To cope with these stresses, several members of the church formed a new denomination, now called Reform Judaism. Reform Judaism was meant to make Judaism more adaptable, letting European Jews maintain their faith while still assimilating into European society and ideally stopping persecution against them. So, what does this actually look like?Reform Judaism is, like Orthodox Judaism, focused on the law but interprets the nature of the law differently. While Orthodox Jews see all laws as being given to Moses by God, Reform Judaism claims that many laws are actually products of human minds and human leaders. The Torah, therefore, serves as a very important moral standard, but is not unimpeachable. It’s more of a living document: it can be changed and adapted, letting Jews change with the times, but is still a very important and sacred text.
The last of the major denominations of Judaism is Conservative Judaism. Conservative Judaism is something of a cross between Orthodox and Reform denominations and appeared in the 19th and 20th centuries. Conservative Jews believe that the Torah does represent the divine word of God but was transcribed and interpreted by humans. So, they tend to treat the law of the Torah more seriously than Reform Jews but still believe that the law should be adaptable. Conservative Judaism is the largest denomination in the United States, where it has allowed American Jews to incorporate American cultural values into the Jewish faith. For example, in American Conservative Judaism, women may be rabbis.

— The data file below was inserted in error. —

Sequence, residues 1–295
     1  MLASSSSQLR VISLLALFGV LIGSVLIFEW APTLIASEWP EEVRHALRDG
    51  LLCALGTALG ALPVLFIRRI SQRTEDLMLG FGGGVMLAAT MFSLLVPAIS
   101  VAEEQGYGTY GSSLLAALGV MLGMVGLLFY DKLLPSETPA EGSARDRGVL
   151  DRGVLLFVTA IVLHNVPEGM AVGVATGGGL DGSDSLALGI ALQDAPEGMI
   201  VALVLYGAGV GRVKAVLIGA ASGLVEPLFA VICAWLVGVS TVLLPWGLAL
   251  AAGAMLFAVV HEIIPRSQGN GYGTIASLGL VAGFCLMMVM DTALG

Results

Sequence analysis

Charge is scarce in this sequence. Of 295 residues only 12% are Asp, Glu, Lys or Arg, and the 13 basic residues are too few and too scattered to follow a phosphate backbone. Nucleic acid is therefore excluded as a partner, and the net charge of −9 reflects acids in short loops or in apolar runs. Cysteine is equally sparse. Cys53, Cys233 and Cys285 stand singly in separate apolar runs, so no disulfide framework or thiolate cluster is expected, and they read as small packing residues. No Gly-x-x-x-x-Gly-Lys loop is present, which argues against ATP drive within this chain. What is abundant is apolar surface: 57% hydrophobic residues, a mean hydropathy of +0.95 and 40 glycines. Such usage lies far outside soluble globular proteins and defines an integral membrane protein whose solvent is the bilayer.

The Orthodox, Reform, and Conservative branches are the main denominations of Judaism today, but there are some other noteworthy movements that can be found across the globe. Messianic Judaism, for example, is the only branch of Judaism that recognizes Jesus Christ as the Messiah, just as Christians do. However, while Christians do not follow the laws of the Torah, Messianic Jews do, as a sign of respect for God. This sect is also notable, because traditionally, conversion into it was not widely encouraged, even though non-Jews may be welcomed into the synagogue. Really, all Judaism practices a degree of caution against unrestricted conversion, thanks in part to the focus on Judaism as an ethnic category.Messianic Judaism is just one example of a non-strictly denomination Jewish sect.
And there are others, but it does demonstrate the strong association between religion, culture, ethnicity, and tradition that defines all of Judaism. It’s more than just a religion – it’s who you are.
Judaism is a monotheistic world religion that worships a single God and observes the holy book called the Torah. As with many religions, there are denominations within it.
- Orthodox Judaism sees the Torah as the divine word of God and strictly follows its laws. This denomination also includes several Ultra Orthodox branches which not only obey the laws but see them as largely incompatible with modern society.
- Reform Judaism emerged in the 18th century and argued that many laws of the Torah are the product of human leaders and are not divine.
In this denomination, the laws are highly adaptable.
- Conservative Judaism presents a middle ground, in which most laws are divine but are still adaptable.
In all denominations, Judaism is never just about religion, however. It is a single aspect of a more holistic identity that includes various cultural, ethnic, and historic facets. As it turns out, religion is only one part of what it means to be Jewish.
Watch this video in order to achieve these goals:
- Define Judaism and Torah
- Describe the differences in the major denominations of Judaism
- Determine how some Jewish denominations bend somewhat to address the cultures of the countries Jews may live in